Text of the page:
Dutch

Vermeer028SEEING THROUGH DUTCH EYES (wallcard)

There is more to Dutch art than meets the eye. The Victorians collected Dutch pictures because they seemed so homely, so true to life. Before that they were despised by the classically orientated experts who thought them crude and without meaning. Recently we have learned to see them differently, and now rate Dutch painting as a unique phenomenon in art history.

We cannot use the term Dutch art before 1600, and heyday lasted a mere seventy five years. Holland as we now know it only appeared on the map in the early seventeenth century, the Dutch having gained their independence, and most importantly, religious freedom after long bitter struggles with their foreign rulers, the Spaniards. This new, self-governing country had been the northern half of Flanders, the remaining part was later called Belgium. The Dutch who founded the new state were protestants, puritans, ordinary people such as traders, peasants, craftsmen. A new type of patron, not the aristocrat sort, the educated class, but the merchant, the baker, the butcher, bought the pictures produced all of a sudden in incredible numbers responding to the emerging demands.

As Calvin’s Reformation frowned upon religious scenes, which had provided for hundreds of years the main artistic themes, the self-confident Dutch puritans invented new subjects which related to their own life, the here and now. Genre pictures, interiors, landscapes, seascapes, still-lifes, flower pieces, appeared for the first time. But they all have one feature in common — a recent discovery made by art historians: they all contain a moral message, suggested by symbols understood by every Dutchman of that time and for which we must look. Symbols of vanity, luxury, and of the transience of life the idea that all natural beauty will eventually decay.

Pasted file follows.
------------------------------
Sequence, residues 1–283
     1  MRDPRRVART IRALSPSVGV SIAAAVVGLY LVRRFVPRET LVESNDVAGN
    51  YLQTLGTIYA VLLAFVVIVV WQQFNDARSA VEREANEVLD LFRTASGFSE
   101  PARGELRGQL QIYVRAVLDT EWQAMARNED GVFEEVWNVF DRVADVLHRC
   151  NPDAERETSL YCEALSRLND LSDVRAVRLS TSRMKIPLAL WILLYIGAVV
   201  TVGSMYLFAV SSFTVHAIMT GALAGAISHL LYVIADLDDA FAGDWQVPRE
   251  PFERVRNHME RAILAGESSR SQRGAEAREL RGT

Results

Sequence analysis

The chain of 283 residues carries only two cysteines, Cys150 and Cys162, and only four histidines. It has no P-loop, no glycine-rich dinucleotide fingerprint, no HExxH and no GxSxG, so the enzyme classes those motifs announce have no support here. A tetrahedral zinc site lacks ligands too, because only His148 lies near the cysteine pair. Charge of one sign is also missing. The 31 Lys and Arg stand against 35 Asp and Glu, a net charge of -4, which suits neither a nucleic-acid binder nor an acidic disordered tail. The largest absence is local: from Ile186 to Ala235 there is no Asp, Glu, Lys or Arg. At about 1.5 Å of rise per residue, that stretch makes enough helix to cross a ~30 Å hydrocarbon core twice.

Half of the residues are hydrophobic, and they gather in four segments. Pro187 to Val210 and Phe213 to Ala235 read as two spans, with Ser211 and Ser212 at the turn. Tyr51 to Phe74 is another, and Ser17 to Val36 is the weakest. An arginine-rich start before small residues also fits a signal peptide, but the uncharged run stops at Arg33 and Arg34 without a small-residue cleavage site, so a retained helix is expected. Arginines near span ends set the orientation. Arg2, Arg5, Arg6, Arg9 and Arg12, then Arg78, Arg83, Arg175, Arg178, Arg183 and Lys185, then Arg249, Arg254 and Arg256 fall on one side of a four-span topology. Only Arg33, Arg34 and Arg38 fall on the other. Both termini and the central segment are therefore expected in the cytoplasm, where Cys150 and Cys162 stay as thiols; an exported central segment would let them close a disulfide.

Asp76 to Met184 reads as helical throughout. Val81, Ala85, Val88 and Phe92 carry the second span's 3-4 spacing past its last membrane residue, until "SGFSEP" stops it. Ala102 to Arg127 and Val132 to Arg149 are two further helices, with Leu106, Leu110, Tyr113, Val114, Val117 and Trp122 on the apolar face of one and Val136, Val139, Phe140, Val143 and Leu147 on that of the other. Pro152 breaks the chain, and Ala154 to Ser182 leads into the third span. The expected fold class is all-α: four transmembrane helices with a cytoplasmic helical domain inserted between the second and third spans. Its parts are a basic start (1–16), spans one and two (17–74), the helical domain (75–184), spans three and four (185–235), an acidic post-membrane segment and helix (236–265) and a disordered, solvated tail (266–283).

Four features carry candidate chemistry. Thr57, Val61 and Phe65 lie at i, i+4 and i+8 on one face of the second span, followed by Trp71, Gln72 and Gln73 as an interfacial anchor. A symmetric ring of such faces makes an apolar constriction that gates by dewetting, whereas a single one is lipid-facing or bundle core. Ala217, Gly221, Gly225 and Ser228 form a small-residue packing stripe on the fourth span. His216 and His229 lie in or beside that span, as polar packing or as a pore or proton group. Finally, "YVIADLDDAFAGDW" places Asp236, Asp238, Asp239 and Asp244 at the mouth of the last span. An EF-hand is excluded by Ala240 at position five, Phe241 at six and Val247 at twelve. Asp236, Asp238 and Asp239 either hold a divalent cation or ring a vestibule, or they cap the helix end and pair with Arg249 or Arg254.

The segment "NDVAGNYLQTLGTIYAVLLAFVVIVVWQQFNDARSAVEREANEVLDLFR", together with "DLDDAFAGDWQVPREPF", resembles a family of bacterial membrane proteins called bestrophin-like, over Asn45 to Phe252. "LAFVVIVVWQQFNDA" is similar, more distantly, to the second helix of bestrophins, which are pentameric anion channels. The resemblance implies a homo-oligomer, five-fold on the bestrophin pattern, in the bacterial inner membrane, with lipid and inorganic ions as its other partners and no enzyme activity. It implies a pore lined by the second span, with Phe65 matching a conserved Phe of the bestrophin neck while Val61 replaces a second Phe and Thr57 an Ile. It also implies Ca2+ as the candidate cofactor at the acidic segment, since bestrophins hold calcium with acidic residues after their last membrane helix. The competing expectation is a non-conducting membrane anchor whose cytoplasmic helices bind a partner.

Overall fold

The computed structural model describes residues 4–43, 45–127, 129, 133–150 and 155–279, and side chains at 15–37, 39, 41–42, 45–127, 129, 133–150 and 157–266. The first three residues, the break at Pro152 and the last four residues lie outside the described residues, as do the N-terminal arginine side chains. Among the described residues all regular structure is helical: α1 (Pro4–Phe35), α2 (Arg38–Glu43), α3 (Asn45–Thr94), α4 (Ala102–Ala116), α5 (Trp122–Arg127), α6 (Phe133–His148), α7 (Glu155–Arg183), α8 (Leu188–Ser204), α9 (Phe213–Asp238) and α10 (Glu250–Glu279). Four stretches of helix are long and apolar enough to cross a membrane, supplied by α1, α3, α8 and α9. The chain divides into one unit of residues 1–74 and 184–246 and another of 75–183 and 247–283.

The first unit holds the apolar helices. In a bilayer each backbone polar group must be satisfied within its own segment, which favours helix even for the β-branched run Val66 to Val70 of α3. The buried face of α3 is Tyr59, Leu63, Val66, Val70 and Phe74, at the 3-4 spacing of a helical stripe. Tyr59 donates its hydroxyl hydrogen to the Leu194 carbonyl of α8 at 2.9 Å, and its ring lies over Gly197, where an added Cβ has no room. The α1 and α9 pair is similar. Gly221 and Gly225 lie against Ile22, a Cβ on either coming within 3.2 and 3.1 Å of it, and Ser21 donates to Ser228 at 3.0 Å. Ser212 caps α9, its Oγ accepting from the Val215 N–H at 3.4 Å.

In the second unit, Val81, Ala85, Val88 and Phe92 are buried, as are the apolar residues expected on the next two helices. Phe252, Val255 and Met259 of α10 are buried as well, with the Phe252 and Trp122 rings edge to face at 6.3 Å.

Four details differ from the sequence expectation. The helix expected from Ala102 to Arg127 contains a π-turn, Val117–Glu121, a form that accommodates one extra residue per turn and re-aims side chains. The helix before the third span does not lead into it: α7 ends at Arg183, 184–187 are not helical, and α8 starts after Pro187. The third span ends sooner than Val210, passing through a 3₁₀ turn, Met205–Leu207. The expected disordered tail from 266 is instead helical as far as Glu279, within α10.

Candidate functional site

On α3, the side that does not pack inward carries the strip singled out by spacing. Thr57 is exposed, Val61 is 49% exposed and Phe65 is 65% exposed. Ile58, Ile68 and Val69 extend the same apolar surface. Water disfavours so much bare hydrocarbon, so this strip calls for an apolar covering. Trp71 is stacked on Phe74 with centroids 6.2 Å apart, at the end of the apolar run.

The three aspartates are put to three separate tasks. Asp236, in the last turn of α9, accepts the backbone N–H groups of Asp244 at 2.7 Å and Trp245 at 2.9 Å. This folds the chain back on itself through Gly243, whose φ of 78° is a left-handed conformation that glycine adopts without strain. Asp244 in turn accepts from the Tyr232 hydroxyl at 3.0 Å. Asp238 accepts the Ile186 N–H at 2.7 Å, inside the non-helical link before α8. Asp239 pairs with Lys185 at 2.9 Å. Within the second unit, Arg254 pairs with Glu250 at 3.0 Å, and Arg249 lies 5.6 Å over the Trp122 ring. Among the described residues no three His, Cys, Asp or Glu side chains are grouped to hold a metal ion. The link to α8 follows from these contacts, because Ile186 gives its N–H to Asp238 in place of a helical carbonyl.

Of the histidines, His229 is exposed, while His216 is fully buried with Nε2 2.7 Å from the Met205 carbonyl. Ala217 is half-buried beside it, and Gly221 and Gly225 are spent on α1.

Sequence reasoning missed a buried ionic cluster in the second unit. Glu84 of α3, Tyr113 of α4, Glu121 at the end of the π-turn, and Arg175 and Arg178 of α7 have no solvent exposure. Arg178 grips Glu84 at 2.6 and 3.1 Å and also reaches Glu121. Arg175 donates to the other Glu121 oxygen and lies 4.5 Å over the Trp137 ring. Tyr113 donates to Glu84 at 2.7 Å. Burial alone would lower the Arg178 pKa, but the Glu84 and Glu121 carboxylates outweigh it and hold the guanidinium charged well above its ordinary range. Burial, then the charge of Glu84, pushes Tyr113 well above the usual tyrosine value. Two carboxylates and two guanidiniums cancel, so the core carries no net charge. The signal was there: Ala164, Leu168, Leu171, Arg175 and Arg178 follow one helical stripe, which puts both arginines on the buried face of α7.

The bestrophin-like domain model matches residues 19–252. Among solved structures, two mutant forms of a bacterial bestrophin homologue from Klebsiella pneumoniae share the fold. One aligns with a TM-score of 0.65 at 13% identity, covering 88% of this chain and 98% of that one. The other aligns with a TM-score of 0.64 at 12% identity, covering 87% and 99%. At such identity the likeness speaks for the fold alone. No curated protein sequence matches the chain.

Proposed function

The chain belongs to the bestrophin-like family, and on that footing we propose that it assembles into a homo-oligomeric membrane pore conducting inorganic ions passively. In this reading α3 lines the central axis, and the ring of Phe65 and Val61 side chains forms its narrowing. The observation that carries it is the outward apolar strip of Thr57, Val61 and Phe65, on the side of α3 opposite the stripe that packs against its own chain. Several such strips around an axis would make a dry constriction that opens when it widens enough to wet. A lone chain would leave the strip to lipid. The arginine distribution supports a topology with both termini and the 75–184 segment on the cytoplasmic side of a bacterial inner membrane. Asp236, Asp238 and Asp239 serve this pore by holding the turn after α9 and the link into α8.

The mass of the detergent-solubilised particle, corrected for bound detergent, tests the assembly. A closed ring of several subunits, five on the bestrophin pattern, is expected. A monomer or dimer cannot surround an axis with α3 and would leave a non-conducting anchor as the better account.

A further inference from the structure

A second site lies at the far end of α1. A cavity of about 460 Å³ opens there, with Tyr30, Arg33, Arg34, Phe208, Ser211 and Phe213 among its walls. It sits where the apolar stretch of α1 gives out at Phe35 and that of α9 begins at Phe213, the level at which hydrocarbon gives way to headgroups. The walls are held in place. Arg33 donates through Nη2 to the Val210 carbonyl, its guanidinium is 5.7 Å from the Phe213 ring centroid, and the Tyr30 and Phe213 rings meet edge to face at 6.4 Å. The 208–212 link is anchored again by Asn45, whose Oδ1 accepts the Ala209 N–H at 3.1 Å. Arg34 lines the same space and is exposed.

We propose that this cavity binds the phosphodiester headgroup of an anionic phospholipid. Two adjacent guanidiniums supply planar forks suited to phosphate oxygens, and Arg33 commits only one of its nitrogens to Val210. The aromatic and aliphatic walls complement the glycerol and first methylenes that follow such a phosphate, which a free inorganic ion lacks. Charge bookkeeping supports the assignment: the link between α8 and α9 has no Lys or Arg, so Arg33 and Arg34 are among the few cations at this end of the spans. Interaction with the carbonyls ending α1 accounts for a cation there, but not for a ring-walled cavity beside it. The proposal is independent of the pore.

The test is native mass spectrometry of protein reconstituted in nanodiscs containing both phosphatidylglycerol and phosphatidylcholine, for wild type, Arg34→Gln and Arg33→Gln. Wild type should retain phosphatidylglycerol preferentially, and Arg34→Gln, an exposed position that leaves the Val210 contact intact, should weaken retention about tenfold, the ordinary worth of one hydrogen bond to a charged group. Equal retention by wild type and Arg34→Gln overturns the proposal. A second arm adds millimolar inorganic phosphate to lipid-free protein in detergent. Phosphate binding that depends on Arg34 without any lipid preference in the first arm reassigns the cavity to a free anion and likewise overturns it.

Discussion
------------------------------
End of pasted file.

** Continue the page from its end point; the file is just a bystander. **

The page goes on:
Genre pictures which depict a single moment, not a story as hitherto, are packed with warning symbols. Peaceful landscapes are threatened by stormy skies, proud vessels are at the mercy of the sea, a beautiful, half-peeled lemon warns of the bitter content inside a gleaming exterior, flowers in full bloom will soon wither. All Dutch pictures are exquisitely painted images of this world with a moral message. To enjoy them to the full look for the key symbols.